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Low-Risk Investment Planning

The typical approach to investing can be broken down into two steps:

  1. Make a list of all your financial goals.
  2. Then, put together an investment plan that will give you the best chance of reaching those goals.

That’s always seemed pretty logical to me. To date, it’s the way I’ve approached my own investing. But I’m starting to ponder whether a different approach makes more sense.

Dreaming Big: A Good Idea?

In  step #1 above, we’re usually encouraged to dream big. List everything you’d like to be able to do — retire at 50, travel the world, own a second home, send your kids to Ivy League schools, etc.

A natural consequence of dreaming big is that, in many cases, the only way to reach such ambitious goals is to earn high returns. And the only way to earn those high returns is to invest via higher-risk investments.

Unfortunately, high-risk investments don’t always pan out. That’s why they’re high-risk.

In their book Spend Till the End, Laurence Kotlikoff and Scott Burns argue that the reason we’re encouraged to dream big is simply that the financial services industry is looking out for its own interests rather than ours. They make more money when we take on more risk in hopes of higher returns.

  • When we trade stocks frequently or invest via actively managed mutual funds, they make money.
  • They don’t make a lot of money when we invest via low-cost Treasury bond funds. (And they make even less if we buy TIPS or other Treasury bonds directly.)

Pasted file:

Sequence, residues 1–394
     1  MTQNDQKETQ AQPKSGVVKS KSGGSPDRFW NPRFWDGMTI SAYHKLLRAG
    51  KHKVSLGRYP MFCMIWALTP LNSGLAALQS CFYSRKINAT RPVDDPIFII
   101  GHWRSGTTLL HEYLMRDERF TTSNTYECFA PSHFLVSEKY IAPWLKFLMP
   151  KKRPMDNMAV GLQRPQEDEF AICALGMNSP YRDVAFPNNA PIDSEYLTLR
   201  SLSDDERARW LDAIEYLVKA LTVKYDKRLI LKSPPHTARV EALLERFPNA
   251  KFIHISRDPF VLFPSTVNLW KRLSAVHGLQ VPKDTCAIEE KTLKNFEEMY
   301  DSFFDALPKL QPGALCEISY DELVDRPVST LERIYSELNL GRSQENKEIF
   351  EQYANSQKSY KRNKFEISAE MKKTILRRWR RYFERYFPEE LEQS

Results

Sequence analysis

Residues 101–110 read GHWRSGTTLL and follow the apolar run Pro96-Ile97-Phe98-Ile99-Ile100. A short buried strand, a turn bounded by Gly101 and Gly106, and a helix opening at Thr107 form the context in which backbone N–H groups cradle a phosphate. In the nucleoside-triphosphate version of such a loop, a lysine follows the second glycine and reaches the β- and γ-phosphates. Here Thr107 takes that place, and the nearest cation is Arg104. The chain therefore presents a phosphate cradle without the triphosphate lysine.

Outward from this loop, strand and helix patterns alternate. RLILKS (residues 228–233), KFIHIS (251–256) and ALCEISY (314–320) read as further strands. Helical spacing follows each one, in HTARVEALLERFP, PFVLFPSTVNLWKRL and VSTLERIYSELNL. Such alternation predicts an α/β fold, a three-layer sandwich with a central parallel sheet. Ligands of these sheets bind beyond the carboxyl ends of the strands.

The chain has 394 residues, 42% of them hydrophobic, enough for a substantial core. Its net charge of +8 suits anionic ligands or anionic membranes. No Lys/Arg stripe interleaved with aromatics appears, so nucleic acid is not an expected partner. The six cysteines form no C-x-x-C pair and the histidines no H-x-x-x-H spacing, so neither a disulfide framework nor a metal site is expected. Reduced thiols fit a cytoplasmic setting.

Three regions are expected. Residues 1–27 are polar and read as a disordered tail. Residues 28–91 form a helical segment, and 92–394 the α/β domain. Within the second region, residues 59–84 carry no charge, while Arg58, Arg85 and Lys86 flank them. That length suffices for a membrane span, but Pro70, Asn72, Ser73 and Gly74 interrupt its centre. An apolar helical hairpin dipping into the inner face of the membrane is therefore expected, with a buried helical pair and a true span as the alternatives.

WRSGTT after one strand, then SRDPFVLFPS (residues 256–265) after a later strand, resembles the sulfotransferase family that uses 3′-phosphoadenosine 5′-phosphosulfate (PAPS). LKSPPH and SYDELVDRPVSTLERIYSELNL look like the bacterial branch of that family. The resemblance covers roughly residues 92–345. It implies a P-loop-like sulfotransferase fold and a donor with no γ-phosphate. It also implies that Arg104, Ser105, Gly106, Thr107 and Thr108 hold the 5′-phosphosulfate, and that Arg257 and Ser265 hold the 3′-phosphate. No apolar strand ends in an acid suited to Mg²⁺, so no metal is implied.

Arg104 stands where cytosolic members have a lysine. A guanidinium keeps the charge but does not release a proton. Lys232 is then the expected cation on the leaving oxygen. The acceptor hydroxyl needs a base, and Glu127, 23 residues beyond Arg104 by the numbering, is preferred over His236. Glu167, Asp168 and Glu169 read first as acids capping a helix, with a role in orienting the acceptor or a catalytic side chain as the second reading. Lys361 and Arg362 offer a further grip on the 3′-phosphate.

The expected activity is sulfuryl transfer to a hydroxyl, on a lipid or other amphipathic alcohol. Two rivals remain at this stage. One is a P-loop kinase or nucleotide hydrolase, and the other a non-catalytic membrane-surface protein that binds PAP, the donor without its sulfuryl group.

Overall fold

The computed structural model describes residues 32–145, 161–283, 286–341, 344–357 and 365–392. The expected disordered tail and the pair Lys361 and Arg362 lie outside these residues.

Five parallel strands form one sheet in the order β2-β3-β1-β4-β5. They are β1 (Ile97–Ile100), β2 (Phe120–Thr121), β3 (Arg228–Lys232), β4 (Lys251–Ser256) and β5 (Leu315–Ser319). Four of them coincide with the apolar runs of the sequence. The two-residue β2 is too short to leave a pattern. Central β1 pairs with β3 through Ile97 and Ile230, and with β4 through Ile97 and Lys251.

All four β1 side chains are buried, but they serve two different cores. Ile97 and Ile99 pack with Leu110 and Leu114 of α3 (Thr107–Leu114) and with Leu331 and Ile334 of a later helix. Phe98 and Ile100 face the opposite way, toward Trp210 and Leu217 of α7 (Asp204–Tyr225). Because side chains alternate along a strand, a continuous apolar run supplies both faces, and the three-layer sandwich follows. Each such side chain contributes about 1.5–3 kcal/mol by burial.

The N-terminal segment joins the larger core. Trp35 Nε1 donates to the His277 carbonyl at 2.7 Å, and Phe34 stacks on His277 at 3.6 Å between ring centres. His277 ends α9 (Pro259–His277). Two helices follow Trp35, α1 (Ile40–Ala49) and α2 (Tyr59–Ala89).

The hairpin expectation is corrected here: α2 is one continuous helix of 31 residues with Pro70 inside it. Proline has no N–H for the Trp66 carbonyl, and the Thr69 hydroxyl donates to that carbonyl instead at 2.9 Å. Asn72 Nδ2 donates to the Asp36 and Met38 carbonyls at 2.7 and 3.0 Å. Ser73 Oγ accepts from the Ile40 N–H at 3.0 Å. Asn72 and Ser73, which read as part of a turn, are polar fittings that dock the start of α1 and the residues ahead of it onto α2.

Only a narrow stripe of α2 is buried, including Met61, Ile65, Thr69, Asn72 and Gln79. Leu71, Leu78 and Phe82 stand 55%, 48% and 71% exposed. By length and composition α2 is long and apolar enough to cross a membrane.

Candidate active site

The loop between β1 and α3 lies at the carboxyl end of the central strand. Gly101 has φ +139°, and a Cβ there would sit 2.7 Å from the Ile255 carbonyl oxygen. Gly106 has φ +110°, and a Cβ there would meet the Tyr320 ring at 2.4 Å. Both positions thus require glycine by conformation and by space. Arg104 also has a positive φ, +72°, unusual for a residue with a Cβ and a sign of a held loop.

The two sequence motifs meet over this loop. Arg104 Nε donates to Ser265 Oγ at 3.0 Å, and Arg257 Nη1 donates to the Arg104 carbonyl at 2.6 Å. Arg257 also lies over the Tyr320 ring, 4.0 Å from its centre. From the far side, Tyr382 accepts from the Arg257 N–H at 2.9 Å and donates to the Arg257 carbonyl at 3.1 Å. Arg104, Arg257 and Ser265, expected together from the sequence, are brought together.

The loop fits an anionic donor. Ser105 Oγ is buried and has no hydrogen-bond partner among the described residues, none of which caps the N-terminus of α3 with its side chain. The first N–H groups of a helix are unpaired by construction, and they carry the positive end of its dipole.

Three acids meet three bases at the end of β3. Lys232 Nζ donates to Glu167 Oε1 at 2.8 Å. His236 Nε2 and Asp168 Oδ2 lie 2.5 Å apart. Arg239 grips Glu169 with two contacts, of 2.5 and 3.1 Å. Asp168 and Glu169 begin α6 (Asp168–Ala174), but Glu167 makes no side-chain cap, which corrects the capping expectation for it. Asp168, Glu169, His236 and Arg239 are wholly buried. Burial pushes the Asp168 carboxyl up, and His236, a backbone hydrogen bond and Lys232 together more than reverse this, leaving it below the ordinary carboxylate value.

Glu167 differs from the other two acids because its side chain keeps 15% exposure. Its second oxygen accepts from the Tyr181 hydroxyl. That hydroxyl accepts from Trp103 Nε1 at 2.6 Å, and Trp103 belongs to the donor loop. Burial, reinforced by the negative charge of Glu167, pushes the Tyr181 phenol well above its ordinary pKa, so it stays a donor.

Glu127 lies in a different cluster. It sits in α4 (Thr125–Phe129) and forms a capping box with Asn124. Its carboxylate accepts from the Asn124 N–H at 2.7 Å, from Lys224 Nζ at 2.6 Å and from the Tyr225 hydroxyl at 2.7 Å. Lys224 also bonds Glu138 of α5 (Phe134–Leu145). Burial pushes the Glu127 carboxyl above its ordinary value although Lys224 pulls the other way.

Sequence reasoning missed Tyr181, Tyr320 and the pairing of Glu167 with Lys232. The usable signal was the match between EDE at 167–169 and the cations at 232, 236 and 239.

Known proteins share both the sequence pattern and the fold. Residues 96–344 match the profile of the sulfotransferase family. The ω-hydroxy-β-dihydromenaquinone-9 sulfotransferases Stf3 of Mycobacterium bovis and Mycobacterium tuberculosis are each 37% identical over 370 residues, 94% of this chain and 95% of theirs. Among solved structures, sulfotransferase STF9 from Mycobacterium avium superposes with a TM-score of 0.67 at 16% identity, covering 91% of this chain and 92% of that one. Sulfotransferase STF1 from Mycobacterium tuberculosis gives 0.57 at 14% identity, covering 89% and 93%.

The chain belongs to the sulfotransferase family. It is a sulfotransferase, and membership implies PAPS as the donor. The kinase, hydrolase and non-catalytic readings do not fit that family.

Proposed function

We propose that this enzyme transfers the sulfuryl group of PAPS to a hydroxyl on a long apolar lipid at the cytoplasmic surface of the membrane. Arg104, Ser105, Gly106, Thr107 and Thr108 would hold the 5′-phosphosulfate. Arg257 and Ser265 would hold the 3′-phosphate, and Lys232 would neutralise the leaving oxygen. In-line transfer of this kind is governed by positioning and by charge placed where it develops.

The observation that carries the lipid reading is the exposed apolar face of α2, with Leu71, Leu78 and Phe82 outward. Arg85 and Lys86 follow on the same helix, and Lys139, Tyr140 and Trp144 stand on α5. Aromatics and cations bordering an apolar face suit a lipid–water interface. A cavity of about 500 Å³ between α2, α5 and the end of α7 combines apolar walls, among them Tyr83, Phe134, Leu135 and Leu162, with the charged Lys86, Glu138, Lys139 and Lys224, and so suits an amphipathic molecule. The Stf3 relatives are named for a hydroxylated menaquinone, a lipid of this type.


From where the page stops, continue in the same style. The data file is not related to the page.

Switching the Process

What if we did things in the other order? What if we approached investing by figuring out what returns we could reliably earn with low-risk investments, then we set goals based on that?

Retiring at 50 would be ruled out for nearly everyone. As would the possibility of a second home. And the Ivy League education for your kids would probably be ruled out too.

But you know what else would be ruled out? The possibility of going broke in your seventies with another decade (or three!) left to live simply because your high-risk investments didn’t perform as well as you’d hoped.

To be clear: I’m not trying to make the case that nobody should take on any risk in their portfolio. If you’re comfortable with the ramifications of risky investments, then by all means, go ahead and use them.

Rather, my point is that, instead of starting with goals and working backward to the portfolio, perhaps it makes sense to start with the portfolio. Determine how much risk you’re comfortable taking, assess what level of returns you can expect based on that level of risk, and then develop your goals based on that information.

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